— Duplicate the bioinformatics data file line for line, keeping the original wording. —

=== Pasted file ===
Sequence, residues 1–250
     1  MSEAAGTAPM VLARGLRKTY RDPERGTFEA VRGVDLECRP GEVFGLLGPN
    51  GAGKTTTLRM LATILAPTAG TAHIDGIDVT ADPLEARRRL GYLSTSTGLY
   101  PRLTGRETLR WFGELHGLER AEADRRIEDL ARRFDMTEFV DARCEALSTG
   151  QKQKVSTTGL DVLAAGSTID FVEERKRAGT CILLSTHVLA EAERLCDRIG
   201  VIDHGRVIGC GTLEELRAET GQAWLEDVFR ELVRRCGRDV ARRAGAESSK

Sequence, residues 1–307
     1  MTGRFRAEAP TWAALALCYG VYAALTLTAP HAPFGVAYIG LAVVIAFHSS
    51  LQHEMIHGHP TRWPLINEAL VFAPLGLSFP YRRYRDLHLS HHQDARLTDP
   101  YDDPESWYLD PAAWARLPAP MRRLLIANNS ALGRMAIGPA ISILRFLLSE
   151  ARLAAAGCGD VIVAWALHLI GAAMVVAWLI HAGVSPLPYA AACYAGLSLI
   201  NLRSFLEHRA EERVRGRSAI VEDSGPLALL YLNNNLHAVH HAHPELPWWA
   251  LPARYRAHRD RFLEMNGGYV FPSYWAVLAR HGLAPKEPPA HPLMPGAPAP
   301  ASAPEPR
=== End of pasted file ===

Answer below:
Sequence, residues 1–250
     1  MSEAAGTAPM VLARGLRKTY RDPERGTFEA VRGVDLECRP GEVFGLLGPN
    51  GAGKTTTLRM LATILAPTAG TAHIDGIDVT ADPLEARRRL GYLSTSTGLY
   101  PRLTGRETLR WFGELHGLER AEADRRIEDL ARRFDMTEFV DARCEALSTG
   151  QKQKVSTTGL DVLAAGSTID FVEERKRAGT CILLSTHVLA EAERLCDRIG
   201  VIDHGRVIGC GTLEELRAET GQAWLEDVFR ELVRRCGRDV ARRAGAESSK

Sequence, residues 1–307
     1  MTGRFRAEAP TWAALALCYG VYAALTLTAP HAPFGVAYIG LAVVIAFHSS
    51  LQHEMIHGHP TRWPLINEAL VFAPLGLSFP YRRYRDLHLS HHQDARLTDP
   101  YDDPESWYLD PAAWARLPAP MRRLLIANNS ALGRMAIGPA ISILRFLLSE
   151  ARLAAAGCGD VIVAWALHLI GAAMVVAWLI HAGVSPLPYA AACYAGLSLI
   201  NLRSFLEHRA EERVRGRSAI VEDSGPLALL YLNNNLHAVH HAHPELPWWA
   251  LPARYRAHRD RFLEMNGGYV FPSYWAVLAR HGLAPKEPPA HPLMPGAPAP
   301  ASAPEPR